Congresswoman Stefanik Cosponsors AIM Act
Washington, D.C. – Congresswoman Elise Stefanik (R-NY-21) has cosponsored H.R. 2597, the Accelerating Innovation in Medicine (AIM) Act of 2015. Currently, the newest and most innovative medical technologies are often subject to limited coverage or inadequate reimbursement under Medicare, especially when these products and procedures warrant greater reimbursement than Medicare will offer. If a Medicare beneficiary is interested in self-paying for a new device or procedure that is not covered by Medicare, there can be significant administrative obstacles.
“The AIM act will help North Country seniors by allowing for easier access to new and innovative medical devices,” said Congresswoman Stefanik. “Furthermore, by increasing access to new medical technologies, we can spur innovation and economic growth in our vibrant medical device industry. This bipartisan, commonsense legislation is good for patients and the medical device industry.”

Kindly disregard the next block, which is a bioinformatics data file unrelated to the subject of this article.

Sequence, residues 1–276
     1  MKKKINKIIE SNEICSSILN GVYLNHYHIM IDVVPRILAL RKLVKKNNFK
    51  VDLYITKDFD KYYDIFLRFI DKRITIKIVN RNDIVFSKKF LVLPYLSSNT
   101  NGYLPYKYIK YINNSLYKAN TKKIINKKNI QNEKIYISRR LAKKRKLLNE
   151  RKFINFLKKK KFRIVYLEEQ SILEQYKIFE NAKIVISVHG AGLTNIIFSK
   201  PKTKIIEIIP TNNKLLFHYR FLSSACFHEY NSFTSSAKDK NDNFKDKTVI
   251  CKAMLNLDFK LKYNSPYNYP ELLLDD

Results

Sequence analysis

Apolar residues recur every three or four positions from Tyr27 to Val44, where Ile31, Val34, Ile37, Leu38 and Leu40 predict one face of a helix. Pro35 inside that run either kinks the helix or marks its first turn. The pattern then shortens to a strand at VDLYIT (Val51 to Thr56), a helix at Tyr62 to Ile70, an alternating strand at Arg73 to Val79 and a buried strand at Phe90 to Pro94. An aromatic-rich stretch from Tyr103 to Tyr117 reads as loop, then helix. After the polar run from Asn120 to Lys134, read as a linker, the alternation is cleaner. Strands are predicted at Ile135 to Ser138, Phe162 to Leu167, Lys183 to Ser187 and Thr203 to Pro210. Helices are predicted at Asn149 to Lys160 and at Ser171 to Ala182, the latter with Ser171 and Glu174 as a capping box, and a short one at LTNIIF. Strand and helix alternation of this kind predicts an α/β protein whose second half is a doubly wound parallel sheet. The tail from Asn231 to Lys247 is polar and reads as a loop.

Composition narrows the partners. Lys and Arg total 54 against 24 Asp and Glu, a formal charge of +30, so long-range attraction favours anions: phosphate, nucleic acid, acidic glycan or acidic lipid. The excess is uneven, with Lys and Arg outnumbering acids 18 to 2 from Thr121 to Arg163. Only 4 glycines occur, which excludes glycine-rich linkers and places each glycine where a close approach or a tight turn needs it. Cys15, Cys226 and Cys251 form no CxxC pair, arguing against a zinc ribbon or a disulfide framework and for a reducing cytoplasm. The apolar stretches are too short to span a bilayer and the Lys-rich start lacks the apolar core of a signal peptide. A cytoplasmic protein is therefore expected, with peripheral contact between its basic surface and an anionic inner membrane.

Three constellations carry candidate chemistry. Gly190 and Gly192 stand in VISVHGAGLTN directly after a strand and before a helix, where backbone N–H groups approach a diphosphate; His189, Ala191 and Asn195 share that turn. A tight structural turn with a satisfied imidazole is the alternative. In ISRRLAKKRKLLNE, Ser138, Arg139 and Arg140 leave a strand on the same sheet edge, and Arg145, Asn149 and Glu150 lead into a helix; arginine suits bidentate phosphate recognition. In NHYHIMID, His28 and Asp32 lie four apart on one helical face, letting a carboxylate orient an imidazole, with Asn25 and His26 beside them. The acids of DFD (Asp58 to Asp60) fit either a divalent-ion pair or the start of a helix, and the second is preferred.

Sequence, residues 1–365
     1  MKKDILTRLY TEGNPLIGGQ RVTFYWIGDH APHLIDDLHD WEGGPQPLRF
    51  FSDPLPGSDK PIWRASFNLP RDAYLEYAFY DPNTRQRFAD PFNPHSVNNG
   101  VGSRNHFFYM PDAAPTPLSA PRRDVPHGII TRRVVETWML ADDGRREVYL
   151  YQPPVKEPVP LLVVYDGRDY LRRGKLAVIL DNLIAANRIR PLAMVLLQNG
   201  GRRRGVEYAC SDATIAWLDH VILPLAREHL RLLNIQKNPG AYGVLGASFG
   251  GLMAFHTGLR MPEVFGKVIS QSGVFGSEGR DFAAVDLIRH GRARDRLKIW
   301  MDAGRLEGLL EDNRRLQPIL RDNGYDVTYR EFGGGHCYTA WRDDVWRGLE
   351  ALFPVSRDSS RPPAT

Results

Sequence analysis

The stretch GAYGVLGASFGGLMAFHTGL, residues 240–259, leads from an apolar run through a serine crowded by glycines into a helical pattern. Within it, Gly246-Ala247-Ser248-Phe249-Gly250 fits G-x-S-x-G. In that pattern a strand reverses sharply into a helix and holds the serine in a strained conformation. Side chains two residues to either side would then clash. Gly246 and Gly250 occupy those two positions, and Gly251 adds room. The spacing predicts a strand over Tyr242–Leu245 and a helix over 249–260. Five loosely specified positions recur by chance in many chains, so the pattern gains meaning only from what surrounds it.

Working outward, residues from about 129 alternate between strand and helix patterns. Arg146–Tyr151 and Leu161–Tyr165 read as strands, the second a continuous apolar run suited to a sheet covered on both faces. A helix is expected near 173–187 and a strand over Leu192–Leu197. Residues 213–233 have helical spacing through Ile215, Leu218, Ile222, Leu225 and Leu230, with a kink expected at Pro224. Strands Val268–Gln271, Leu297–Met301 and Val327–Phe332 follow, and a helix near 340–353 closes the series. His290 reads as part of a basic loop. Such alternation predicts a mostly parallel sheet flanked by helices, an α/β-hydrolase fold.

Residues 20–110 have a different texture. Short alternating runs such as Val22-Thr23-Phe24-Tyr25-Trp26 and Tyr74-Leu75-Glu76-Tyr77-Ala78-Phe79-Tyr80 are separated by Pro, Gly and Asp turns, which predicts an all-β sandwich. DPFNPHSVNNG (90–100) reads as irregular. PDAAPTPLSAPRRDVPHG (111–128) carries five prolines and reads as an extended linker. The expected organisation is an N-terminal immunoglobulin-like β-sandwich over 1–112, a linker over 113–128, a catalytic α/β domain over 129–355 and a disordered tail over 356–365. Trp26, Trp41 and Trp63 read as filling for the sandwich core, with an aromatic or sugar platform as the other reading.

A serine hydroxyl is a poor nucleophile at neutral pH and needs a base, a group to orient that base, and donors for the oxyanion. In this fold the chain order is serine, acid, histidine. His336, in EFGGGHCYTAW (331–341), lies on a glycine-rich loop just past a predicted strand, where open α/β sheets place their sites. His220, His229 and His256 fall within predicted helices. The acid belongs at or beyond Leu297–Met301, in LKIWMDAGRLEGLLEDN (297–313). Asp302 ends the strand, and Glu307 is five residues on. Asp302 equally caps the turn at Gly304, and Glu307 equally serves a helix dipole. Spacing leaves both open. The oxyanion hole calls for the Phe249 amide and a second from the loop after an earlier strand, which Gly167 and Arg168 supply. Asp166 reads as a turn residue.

“The AIM Act goes a long way to helping the US remain the world leader in bringing innovative medical devices to market that give both patients and their physicians greater access and choice to new, safe and effective medical technologies,” said Jessica Crawford, President of MedTech. “This legislation will promote high quality job growth in the medical device sector and provide some regulatory clarity to medical device manufacturers which in turn will drive continued investment in the medical device sector. We thank Representative Stefanik for her continued leadership on issues important to our industry.”
The AIM Act creates a new category for FDA-approved or cleared medical devices. When an application is filed or a medical device is exempted from FDA approval or clearance, manufacturers may indicate that they do not wish to seek Medicare coverage for their new technology for a period of at least three years. This means that upon FDA approval or clearance, the device will be immediately available as a treatment option for physicians and for Medicare patients who choose to self-pay—with no red tape, paperwork, administrative costs, or risk of penalty.